State officials gave their most detailed look behind the reasons they placed restrictions on youth sports and indoor dining in the last week.
Commissioner of Health Judith Persichilli said since the beginning of October, the state was able to trace 14 outbreaks among hockey teams in seven counties—including Bergen, Morris and Passaic counties—leading to more than 70 positive cases.
“Youth sports continue to be a challenge,” said Persichilli at a press briefing Nov. 12 where Gov. Phil Murphy announced an agreement with six other Northeastern states banning interstate tournaments. “The goal of these revisions is to slow the spread of the virus among our youth participating in these activities.“
Outbreaks Since March
Besiden sports teams, Persichilli detailed that recent gatherings, many linked to Halloween parties, have led to nearly 70 cases, including one in Union County reporting 30 cases and another in Gloucester to 22 cases.
In 164 outbreaks from March 20 to Nov. 1 that excludied long-term care and healthcare facilities as well as schools, contact tracing revealed 17% were among sports teams, 13% were party and gatherings, 12% were daycares, 10% were other workplaces, 9% were farms, 14% in the public safety workplaces, 7% were food and agriculture workplaces, 5% were weddings, 5% in government workplaces, 3% were warehouse workplaces, 3% were faith-based organizations, 2% were workplace office settings, 2% were the general community, 2% were camps and 1% each at animal facilities, hotel or other lodging and casinos.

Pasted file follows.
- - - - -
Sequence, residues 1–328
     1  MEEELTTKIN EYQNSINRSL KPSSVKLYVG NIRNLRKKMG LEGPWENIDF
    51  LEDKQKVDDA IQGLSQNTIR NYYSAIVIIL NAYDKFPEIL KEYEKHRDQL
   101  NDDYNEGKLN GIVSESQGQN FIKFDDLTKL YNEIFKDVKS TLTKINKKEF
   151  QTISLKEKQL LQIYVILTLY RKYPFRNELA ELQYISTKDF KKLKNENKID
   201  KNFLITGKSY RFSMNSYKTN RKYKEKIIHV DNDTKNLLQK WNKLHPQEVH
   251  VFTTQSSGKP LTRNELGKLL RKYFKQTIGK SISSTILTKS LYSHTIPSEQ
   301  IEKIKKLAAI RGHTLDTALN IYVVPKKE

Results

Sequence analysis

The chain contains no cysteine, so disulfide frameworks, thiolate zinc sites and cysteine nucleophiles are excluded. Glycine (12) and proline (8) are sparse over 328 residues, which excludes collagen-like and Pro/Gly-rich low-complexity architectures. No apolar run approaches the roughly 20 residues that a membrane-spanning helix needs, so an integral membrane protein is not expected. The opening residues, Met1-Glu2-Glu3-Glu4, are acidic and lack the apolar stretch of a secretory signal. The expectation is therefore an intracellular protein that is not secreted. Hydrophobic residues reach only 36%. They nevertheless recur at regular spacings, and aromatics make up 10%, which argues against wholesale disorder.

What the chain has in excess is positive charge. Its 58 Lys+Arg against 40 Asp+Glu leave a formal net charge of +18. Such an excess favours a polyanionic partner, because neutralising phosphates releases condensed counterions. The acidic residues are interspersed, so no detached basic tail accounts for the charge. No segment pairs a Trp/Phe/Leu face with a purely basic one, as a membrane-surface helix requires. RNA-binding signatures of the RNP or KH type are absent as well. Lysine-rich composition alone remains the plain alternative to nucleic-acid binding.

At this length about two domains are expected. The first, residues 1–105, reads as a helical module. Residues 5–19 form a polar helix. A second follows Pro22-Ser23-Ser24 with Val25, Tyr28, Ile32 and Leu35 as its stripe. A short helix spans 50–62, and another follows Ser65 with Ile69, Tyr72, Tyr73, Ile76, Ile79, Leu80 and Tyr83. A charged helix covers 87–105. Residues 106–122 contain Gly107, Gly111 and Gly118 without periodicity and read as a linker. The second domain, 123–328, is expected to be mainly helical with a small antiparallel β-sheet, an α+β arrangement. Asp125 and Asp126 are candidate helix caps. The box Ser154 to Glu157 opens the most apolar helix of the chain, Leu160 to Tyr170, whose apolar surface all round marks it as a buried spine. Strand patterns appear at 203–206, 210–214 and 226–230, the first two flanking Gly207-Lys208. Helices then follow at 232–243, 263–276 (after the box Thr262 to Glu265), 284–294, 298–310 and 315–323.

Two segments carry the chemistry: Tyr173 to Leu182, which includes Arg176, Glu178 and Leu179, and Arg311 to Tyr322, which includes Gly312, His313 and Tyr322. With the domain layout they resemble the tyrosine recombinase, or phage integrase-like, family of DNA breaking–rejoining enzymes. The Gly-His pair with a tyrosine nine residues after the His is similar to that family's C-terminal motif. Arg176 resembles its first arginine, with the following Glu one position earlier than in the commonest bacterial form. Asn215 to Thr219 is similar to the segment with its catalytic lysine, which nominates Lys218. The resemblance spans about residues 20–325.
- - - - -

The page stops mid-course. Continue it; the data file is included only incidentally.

A deeper dive showed 51 outbreaks occurred during the month of October, with 33% among sports teams, 11% in government workplaces, 10% each attributed to workplaces, public safety, daycare facilities and other types, 6% at weddings, 6% at party and gatherings, 4% at food and agriculture workplaces and 2% attributed to the community office setting, hotel lodging, casinos and animal facilities.
Murphy stressed that health experts do not believe the spread is not from the playing of games but activities surround the contests.
Gatherings, Not Games
“We aren’t sure that it’s actually coming from the sports activity, it’s more likely it’s an adjacent activity, but in any event, it is unquestionably coming,” stated the governor.
“(But) we know that there has been transmission linked to youth hockey team activities and with numbers rising across our region, this is an important step to mitigate further community spread and protect public health,” said Murphy, who earlier in the week signed an executive order prohibits indoor interstate sports competitions in the state, youth leagues through high schools, and using a out-of-state neutral site for a game between two New Jersey-based teams.
As of Nov. 13, the cumulative number of coronavirus cases in New Jersey reached 270,383 with 3,399 total new cases reported and 28 new deaths, bringing that total to 14,721. The state listed probable deaths at 1,801, bringing the overall total to 16,495.
For North Jersey counties, Bergen 358 new cases, Essex had a total of 351 new cases, Passaic 347 new cases, Hudson 248 new cases, Morris 127 new cases, Warren 36 new cases and Sussex 30 new cases.